Sasha’s passing, came as a surprise to all of us. She had been being treated for an eating disorder for years. Turned out most of her homemade diet was made from things to which she was allergic. She had been eating well for two years. Suddenly she wasn’t eating again. No one, including the vet was prepared for what happened.
She started walking crooked, anemic & not responding. The vet decided to take an x-tray of her lungs, which turned out to be full of cancerous nodes. She had had no symptoms leading to that diagnosis. The prognosis from CARES, a 24/7 ER the following day was what we all feared. I could take her home and try to get her to eat, but we all knew that wasn’t going to happen. The other choice was for Daisy and I to say good-bye on January 24, 2019. The only good part of that day was when Daisy and I left the building there was a beautiful rainbow in the sky. We all knew it was Sasha letting us know she was okay. My day was full of sunshine!
Sasha was a vibrant, full of life, Pet Therapy certified dog. She had no end to wanting to give love. She would lie next to every patient and snuggle up to get a pet. When on therapy visits she would push into the legs of participants to get a hug. She didn’t like when Daisy got the hug and sometimes showed it. Even when they played Frisbee in the pool, Sasha always had to win. Daisy learned to give in. It was a funny game.
Sasha was also really smart. If you told her to go get the Frisbee from the field or the pool she would go and bring it back. One winter day she lost her purple fleece winter coat, caught in the inside of the forsythia bush, a place I didn’t want to go. I told her to go back and get her coat… and she did go and bring it out. I only wish I had videoed it.
Sasha was the most photographic dog I had ever had. She would let people put hats, toys, etc. on her and wouldn’t shake them off. She was my most photographic dog. She kept everyone laughing. It was fun to put things on her especially her Chanukah collar to which, she loved to play. She helped make my Motivation Cards a big success. They are filled with her smiles and antics.
I thought Daisy would be happy when Sasha was gone. Sasha had been the aggressor and Daisy had learned to avoid her to stop the fights. It worked for 4-5 years. They no longer played together, which was sad. Then, Sasha was gone. Daisy fell apart. She kept looking for her & became clingy. When I would mention Sasha’ name Daisy would get all excited. She even got excited when we went back to CARES for Sedona’s eye injury (Don’t use a Chuck It.), hoping we were going to bring Sasha back. It was cute and sad all at the same time. We both really miss you Sasha.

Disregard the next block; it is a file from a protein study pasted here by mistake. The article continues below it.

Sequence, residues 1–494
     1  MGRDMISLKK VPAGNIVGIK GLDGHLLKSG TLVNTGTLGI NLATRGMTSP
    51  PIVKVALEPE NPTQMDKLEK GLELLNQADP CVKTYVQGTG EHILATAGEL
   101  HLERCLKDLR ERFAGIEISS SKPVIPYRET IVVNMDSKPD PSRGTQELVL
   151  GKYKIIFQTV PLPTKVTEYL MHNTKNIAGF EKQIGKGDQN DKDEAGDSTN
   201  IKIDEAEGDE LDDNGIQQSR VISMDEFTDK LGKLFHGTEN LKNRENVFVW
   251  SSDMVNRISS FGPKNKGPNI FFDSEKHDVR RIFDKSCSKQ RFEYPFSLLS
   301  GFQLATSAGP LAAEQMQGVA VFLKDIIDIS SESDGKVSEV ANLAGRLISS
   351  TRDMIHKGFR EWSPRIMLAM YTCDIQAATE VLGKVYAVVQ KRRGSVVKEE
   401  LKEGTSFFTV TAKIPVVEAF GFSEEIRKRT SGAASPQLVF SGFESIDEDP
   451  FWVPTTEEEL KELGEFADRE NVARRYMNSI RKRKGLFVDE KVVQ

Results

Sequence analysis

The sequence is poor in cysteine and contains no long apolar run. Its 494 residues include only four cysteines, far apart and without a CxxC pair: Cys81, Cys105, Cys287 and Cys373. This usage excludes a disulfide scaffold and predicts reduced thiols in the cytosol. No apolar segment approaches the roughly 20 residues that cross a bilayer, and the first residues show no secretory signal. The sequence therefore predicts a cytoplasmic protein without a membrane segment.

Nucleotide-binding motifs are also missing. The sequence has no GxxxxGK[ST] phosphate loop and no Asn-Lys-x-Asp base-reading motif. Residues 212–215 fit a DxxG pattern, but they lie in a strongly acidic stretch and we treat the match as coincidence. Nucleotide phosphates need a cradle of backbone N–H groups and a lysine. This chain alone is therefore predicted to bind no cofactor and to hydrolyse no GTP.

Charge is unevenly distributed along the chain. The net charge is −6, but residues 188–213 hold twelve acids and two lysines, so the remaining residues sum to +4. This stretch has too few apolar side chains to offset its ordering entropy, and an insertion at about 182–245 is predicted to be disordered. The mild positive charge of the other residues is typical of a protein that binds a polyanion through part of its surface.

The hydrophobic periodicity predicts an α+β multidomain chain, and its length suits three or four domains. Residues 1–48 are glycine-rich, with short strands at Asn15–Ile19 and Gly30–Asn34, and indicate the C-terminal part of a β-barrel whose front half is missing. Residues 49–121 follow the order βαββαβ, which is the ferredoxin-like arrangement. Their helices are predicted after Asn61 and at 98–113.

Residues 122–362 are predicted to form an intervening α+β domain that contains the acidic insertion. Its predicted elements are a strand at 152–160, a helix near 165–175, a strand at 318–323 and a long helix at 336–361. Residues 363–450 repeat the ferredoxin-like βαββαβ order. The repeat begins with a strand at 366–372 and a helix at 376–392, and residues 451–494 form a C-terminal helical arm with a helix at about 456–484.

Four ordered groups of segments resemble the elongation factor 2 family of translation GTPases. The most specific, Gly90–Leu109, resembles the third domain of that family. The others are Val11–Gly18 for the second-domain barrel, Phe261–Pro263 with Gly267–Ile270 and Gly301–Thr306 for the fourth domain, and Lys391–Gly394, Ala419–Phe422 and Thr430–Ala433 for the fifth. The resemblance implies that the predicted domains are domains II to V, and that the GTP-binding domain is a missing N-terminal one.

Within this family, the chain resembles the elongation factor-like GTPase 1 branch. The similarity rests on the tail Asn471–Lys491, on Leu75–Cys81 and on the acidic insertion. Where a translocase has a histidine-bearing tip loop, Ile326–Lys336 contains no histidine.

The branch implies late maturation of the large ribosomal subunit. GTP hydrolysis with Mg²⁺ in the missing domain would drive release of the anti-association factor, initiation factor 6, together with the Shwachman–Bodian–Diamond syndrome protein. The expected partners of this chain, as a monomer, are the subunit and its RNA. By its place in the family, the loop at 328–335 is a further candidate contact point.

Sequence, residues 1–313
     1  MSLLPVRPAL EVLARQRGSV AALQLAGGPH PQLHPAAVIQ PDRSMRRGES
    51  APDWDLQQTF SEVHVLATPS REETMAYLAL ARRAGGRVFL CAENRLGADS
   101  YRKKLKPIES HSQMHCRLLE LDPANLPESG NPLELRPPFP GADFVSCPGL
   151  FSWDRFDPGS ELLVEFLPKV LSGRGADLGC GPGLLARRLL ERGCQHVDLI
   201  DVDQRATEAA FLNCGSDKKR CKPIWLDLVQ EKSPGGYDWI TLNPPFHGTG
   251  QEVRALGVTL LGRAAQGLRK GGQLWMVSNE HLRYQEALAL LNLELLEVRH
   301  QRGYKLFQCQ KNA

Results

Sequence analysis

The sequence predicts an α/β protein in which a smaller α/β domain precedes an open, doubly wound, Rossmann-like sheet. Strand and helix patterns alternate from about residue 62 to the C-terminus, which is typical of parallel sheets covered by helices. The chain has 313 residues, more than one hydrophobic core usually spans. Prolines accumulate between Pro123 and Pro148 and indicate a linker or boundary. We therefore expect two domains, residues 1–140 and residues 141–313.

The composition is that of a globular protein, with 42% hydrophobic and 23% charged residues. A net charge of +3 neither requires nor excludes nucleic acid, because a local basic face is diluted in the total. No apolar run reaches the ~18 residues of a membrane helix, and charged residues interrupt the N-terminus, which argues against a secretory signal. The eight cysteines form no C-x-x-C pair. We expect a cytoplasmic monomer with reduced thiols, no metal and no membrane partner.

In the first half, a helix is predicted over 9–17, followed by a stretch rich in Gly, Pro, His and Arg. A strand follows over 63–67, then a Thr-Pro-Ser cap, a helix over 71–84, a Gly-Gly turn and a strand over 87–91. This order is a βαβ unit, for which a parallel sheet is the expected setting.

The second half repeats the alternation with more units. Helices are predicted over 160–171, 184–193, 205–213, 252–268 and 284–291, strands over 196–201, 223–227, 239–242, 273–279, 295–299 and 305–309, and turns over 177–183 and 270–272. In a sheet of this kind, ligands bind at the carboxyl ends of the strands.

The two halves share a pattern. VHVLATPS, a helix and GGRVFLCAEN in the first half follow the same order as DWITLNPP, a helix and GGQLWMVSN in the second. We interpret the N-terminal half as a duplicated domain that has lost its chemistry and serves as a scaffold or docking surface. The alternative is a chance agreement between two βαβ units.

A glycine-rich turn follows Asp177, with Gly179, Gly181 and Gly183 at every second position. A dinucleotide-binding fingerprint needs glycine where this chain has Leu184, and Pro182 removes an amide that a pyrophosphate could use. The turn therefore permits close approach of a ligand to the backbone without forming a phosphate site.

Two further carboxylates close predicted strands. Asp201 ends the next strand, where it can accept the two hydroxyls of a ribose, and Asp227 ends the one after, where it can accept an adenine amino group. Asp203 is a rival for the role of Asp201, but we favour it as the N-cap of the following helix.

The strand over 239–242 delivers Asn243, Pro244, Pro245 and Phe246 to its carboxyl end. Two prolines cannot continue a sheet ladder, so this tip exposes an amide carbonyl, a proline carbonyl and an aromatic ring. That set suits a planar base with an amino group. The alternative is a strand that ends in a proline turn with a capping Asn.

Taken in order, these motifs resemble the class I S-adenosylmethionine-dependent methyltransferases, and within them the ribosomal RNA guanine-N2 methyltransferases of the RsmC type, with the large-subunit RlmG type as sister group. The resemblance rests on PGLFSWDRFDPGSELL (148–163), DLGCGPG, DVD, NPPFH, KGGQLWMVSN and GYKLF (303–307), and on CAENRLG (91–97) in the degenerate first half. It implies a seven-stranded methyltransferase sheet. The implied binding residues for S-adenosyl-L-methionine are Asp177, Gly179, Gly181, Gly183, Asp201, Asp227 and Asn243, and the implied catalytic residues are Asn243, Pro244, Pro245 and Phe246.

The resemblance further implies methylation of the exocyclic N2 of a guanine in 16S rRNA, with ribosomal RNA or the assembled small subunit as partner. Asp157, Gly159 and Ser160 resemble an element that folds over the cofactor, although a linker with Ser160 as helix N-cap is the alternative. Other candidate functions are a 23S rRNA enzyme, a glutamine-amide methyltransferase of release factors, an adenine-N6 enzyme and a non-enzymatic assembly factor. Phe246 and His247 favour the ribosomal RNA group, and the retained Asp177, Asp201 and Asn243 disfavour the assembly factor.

Sasha didn’t leave a whole lot of clues she was crossing the Rainbow Bridge. I think she knew the rainbow left after she died was enough. It was so powerful. The Bucks County Herald had a picture of the rainbow a few days later. I contacted them how it had become Sasha’s rainbow and they printed it the following week. It was fun. She will be remembered forever. The National Psychologist was publishing an article I wrote about Animal Assisted Therapy and since a lot of it was about Sasha they published a small Memorial to her on the front of the Newsletter. Sasha was once again being remembered in a photo.
One last thing Sasha did before she crossed over was sending me 3 dogs needing to be adopted. The first one Daisy made it clear was a “no”. The second one wasn’t interested in Daisy or me. The third was the charm, Sedona. She had a rough start biting Daisy in the nose, however they are doing great together finally. Age differences don’t help with Daisy being 9 years old and Sedona only one year old. Thank you, Sasha.